Food magazine recently launched its Industry Map, where we ask food manufacturing professionals to shed light on the trials and tribulations of their work. Here, Nathan Cater, managing director at Masterol Foods, which manufactures and distributes vegetable oils, processing aids and ingredients, takes our Q&A.
What are your primary roles and responsibilities in your job? Give us a day in your working life.
I’ve done most of the jobs here at one time or another, from working in the warehouse and in production through to sales, marketing and product development. My role now is mostly of a managerial nature. I contribute to the overall direction of the company, particularly in terms of product development for the different market segments we engage with.
I also help to ensure that Masterol's R&D function interacts well with sales and marketing.
Because I have a broad understanding of the systems and the way information flows through Masterol, I also have the role of ‘problem solver’ – a hat which directors at many small and medium sized companies have to wear! These problems often revolve around our manufacturing operations, such as identifying the best way to transition to larger batch sizes when sales of a product increase.
Other things I do on a daily basis include discussing what we need from suppliers and how we can work more closely with them, addressing our customers’ needs and providing them with technical support and advice on our products and how they are best used.
What training/education did you need for your job?
I’ve been in the food industry my whole working life, so it’s all I know. With regards to education – I have formal training in chemistry, management and information technology, but have developed a strong understanding of the technology behind anti-sticking, glazing and release agent products by simply spending years working hands-on in the industry.
How did you get to where you are today? Give us a bullet point career path.
- Graduated university in 1999
- Worked in the food industry throughout my years at university
- Established Masterol Foods in 2009 to capitalise on the knowledge I gained throughout my studying years.
What tools and/or software do you use on a daily basis?
Spreadsheets, spreadsheets and more spreadsheets. We have a database management system which handles most of our day-to-day activities with regards to logistics and manufacturing. It implements full traceability of all raw materials from receipt at our facilities to their use in finished products through to when the finished product is delivered to our customers.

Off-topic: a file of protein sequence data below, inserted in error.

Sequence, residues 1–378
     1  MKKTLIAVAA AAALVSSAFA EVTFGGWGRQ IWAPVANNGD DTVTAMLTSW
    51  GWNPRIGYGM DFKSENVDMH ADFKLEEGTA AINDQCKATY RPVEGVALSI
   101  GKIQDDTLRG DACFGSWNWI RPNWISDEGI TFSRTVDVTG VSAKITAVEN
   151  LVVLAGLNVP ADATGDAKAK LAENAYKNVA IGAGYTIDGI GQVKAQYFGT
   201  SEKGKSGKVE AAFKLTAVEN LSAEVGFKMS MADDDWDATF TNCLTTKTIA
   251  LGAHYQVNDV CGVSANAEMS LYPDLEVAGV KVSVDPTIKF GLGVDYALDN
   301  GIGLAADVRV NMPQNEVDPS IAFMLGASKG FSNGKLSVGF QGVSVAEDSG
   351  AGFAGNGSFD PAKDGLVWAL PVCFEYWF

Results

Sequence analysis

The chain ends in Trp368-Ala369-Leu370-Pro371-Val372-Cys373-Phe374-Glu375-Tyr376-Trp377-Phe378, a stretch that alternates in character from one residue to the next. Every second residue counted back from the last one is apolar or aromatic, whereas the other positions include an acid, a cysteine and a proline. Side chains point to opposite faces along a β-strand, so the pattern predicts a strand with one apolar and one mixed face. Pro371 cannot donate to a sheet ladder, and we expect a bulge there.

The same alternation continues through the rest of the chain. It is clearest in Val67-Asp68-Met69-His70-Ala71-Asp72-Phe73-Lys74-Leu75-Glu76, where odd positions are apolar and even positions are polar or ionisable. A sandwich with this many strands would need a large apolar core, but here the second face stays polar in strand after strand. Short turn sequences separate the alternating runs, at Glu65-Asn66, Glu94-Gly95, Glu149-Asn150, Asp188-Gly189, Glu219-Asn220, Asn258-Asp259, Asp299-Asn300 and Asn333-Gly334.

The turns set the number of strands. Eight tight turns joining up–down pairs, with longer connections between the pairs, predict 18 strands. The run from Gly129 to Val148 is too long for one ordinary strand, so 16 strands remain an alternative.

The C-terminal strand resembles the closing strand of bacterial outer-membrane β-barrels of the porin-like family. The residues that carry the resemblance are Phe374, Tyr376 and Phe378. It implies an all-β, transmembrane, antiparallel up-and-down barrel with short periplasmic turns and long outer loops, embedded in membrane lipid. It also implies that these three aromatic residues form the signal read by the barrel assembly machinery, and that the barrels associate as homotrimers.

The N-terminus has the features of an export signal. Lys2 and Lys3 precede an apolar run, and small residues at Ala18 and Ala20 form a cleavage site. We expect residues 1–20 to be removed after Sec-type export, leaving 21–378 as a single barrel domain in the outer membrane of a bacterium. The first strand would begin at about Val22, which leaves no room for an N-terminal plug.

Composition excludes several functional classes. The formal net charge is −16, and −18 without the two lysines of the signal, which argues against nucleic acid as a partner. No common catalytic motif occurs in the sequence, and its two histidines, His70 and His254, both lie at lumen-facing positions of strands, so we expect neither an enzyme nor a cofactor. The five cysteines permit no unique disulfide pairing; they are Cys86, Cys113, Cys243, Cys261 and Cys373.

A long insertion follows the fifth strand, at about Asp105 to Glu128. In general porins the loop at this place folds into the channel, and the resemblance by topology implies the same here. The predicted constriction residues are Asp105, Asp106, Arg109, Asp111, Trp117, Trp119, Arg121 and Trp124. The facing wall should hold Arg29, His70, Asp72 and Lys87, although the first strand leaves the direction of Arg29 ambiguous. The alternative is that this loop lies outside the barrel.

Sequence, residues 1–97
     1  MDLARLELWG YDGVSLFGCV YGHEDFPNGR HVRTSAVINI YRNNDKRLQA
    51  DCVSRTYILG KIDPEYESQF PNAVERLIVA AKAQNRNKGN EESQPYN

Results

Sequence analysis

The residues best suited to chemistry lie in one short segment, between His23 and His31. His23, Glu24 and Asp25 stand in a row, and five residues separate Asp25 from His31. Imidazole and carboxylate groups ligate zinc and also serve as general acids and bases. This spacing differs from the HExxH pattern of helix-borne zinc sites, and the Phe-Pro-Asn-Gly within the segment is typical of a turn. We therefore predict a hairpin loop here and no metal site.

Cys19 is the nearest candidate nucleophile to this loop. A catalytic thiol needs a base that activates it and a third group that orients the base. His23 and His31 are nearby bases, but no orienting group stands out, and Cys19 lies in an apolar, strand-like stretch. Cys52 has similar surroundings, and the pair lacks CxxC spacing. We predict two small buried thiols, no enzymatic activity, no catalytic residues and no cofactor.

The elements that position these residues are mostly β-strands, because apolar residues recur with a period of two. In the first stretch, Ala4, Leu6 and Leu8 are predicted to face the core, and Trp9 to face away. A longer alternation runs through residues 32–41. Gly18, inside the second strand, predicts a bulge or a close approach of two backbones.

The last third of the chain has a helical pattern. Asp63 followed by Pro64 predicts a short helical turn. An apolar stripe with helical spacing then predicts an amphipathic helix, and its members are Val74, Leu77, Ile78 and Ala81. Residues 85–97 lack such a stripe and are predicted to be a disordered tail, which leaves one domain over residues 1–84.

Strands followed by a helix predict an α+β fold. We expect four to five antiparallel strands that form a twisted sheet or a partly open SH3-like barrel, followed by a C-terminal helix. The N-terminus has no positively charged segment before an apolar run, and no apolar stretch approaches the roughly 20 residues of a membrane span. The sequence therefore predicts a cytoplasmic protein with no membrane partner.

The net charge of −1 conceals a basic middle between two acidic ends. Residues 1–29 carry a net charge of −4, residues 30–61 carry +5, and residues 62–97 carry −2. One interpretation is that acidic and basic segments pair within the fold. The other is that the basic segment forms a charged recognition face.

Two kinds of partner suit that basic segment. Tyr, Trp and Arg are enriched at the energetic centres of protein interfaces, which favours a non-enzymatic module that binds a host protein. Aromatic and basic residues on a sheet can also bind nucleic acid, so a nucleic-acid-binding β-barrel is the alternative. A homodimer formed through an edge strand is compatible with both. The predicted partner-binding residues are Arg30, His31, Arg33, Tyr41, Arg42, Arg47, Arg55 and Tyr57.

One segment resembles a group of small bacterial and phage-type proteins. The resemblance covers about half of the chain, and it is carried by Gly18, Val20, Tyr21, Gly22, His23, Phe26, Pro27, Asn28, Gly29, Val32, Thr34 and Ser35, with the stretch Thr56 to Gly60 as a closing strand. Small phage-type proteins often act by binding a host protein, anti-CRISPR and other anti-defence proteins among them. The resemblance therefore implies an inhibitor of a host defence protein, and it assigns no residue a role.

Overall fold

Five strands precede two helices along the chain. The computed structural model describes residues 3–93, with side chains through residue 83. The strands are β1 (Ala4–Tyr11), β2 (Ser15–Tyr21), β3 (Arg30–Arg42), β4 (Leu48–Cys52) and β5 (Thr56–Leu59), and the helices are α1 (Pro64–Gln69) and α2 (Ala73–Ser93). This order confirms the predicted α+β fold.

What is the one thing that you are most proud of in your professional life?
The people I work with. Without their support and commitment to our company and our products, we’d be fighting a losing battle. I believe many companies don’t have the right people in key positions. This causes a myriad problems, the sources of which may appear difficult to spot even from the inside. In my opinion, the source is often right at the beginning – they failed to recruit the right people. I’m very proud of the people I work with and what we achieve together.
Biggest daily challenge?
Time management. It’s very easy for me to get immersed in the details of one particular project and forget about other things I’d planned to do on a given day. Without a high level of attention to detail, some of the products we’ve developed might never have come to be – it’s a matter of finding a balance between what you want to do and what you have to do.
Biggest career challenge?
Getting new products off the ground – it’s unbelievably difficult. No matter what you want to do, there is almost always someone out there who has a head start. That moment when everything aligns and things start to snowball – I think most people fall before they make it that far. This is a constant challenge – it’s not one you conquer and then move on from. With new products comes new knowledge, new experiences, new customers and suppliers, and so on. Managing all of these while trying to get a new product off the ground is pretty intense.
What is your biggest frustration in your job?
I believe doing business in Australia is very difficult. This is due to a range of factors – things like our relatively small market size and low population density through to industry dynamics including the concentration of power in the hands of a small number of large and powerful competitors in many industries. This means achieving the economies of scale necessary to take on the ‘big boys’ is always going to be difficult. There are plenty of other factors too, such as the way business is treated by both sides of government at all levels. Our business environment is highly regulated.
What is the biggest challenge facing your business?
Innovation. High exchange rates mean Australian manufacturers are having difficulty competing with imports and for the same reason it’s tough to get export business too. Exchange rates used to make local manufacturing more attractive because they helped to offset the high cost of production and the high cost of doing business in Australia, but that’s not the case today. This is why innovation is so important for Australian manufacturers. I don’t believe it’s possible to build a strong manufacturing business in Australia without a constant focus on innovation. Build a better mousetrap, as the saying goes.
Is there anything else about your job you want Australia to know about?
Being in business is more daunting than it looks. It isn’t for the faint-hearted. Despite that, I’m passionate about Australian manufacturing and in particular, the food industry and our contribution to it.
If you would like to take part in Food mag's Industry Map, click here.